Student pharmacist is crowned Miss Virginia
In late June, science was made when Camille Schrier, PharmD candidate and APhA member, was crowned Miss Virginia 2019. Pharmacy Today was lucky to catch up with Schrier for an interview. Below is an edited version of the conversion. For the full article, please visit www.pharmacytoday.org for the August 2019 issue of Pharmacy Today.
Pharmacy Today (PT): Congratulations on your win! Tell me about your mission as Miss Virginia.
Schrier: Each candidate has a social impact initiative. As a pharmacist, I chose to focus on medication safety. The title of my campaign is “mind your meds.” The goal is to prevent parents and caregivers from making medication errors, specifically those that are made to the pediatric and geriatric populations. Parents and caregivers don’t always know what questions to ask, so it’s up to the pharmacist to educate them on the medication.
As a profession, pharmacists need to focus on patient counseling. Don’t be afraid to go out of your way and talk to that mom who is picking up eye drops for her kid. Assume they don’t know how to administer, how to store, how to dose. Have them repeat the information back to you.
PT: What about your mission as a pharmacist? Is it different?
Schrier: Pharmacists can play a huge part in the fight against opioid misuse and abuse. As a naloxone trainer, I find it imperative to talk about opioid abuse and to educate people. Do you notice a provider prescribing too many opioids? Have that conversation with them. Talk to them about different prescribing options or prescribing lower amounts. Give the minimum amount possible. Be involved in drug take-back programs. These are all ways you can help prevent other people from getting addicted to opioids.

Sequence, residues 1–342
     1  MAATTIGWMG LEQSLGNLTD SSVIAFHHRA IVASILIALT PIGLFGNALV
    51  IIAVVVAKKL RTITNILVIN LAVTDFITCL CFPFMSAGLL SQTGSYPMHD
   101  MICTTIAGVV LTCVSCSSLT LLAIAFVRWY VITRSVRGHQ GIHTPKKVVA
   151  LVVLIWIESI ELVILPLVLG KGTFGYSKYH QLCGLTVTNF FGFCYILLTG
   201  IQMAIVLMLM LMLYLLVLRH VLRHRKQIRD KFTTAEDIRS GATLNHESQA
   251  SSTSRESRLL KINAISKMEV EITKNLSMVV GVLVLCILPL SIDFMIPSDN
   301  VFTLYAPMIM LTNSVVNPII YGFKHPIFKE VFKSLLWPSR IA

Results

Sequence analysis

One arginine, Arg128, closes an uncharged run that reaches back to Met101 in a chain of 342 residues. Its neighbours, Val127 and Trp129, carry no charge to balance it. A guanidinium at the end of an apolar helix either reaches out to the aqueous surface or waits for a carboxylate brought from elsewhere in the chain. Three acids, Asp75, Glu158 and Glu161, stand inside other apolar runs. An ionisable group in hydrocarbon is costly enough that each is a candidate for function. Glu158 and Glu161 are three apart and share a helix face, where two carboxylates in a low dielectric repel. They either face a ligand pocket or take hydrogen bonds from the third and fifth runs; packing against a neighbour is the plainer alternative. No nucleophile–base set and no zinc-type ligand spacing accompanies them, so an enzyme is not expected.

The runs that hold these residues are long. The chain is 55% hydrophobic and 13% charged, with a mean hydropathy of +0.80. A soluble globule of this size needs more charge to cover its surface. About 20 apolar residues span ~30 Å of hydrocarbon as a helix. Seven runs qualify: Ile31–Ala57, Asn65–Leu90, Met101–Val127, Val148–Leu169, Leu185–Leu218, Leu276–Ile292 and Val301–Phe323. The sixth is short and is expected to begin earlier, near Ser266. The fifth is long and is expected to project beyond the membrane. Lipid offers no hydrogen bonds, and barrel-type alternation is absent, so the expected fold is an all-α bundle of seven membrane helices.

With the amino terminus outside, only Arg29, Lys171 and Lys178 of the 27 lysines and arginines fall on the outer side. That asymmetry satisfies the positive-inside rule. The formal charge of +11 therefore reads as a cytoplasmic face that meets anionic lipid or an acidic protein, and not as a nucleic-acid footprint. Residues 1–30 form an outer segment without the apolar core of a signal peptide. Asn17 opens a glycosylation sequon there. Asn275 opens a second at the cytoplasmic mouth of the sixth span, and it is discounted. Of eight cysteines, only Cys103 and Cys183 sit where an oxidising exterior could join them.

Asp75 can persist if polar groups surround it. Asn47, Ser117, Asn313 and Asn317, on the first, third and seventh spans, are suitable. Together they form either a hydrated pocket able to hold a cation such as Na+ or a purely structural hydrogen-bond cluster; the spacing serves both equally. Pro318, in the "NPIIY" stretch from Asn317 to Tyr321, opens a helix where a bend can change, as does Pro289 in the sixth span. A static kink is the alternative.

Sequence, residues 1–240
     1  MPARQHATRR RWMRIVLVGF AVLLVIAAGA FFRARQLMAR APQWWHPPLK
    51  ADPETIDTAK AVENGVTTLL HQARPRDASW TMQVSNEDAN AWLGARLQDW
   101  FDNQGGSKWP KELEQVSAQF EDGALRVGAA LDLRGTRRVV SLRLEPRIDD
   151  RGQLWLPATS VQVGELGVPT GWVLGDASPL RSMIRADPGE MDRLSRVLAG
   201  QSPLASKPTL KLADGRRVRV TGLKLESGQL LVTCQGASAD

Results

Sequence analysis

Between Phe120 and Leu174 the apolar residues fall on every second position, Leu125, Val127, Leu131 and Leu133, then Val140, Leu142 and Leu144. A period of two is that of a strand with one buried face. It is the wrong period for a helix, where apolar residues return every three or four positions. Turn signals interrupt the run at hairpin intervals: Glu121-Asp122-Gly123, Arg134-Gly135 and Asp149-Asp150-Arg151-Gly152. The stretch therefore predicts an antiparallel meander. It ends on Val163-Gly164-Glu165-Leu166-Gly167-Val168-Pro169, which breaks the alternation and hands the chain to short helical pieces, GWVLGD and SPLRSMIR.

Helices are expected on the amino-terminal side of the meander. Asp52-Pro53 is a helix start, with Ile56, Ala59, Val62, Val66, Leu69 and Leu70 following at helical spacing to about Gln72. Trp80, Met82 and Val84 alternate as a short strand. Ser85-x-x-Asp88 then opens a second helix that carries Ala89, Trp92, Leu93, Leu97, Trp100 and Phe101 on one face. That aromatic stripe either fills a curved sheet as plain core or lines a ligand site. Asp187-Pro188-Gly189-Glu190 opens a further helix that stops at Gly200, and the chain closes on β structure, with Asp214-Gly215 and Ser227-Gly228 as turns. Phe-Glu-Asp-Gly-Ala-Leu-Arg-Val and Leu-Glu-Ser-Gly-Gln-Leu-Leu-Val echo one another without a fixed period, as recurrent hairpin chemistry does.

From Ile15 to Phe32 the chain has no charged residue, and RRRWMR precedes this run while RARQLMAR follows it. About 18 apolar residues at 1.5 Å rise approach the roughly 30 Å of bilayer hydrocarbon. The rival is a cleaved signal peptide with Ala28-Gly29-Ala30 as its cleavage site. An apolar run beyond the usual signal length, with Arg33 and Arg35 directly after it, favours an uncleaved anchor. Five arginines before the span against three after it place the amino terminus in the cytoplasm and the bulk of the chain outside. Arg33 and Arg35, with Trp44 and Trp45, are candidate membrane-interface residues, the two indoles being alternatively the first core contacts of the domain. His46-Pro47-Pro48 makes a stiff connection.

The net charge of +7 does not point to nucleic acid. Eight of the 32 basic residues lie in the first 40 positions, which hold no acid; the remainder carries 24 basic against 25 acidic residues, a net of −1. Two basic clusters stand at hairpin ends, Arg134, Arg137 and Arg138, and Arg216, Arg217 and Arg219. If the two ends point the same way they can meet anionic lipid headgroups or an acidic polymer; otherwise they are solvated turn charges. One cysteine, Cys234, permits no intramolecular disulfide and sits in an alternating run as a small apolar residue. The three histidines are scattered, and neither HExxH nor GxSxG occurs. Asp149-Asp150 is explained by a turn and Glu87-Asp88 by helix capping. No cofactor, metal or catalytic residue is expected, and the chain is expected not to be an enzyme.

PT: Your roles as a pharmacist and Miss Virginia both require working with the community and serving the people. How can your pharmacist training help you in your new role?
Schrier: I have skills I wouldn’t have otherwise if not for my pharmacist training. I know how to communicate with people who have different backgrounds, education levels, professions, and attitudes. You need to have clear communication with a patient, and now I can apply those skills when speaking with the public.
PT: Did anyone say “you’re too smart to enter Miss Virginia”? What do you have to say to people who think ‘beauty competitions’ are silly or sexist?
Schrier: My STEM education set me apart from other candidates. It’s not a pageant; it’s a competition of accomplished women who see it as an opportunity to fund their educations and to reach a greater platform in the community. More women in STEM are pursuing other avenues like the Miss America competition—there was another pharmacist competing for the Miss Virginia title, as well!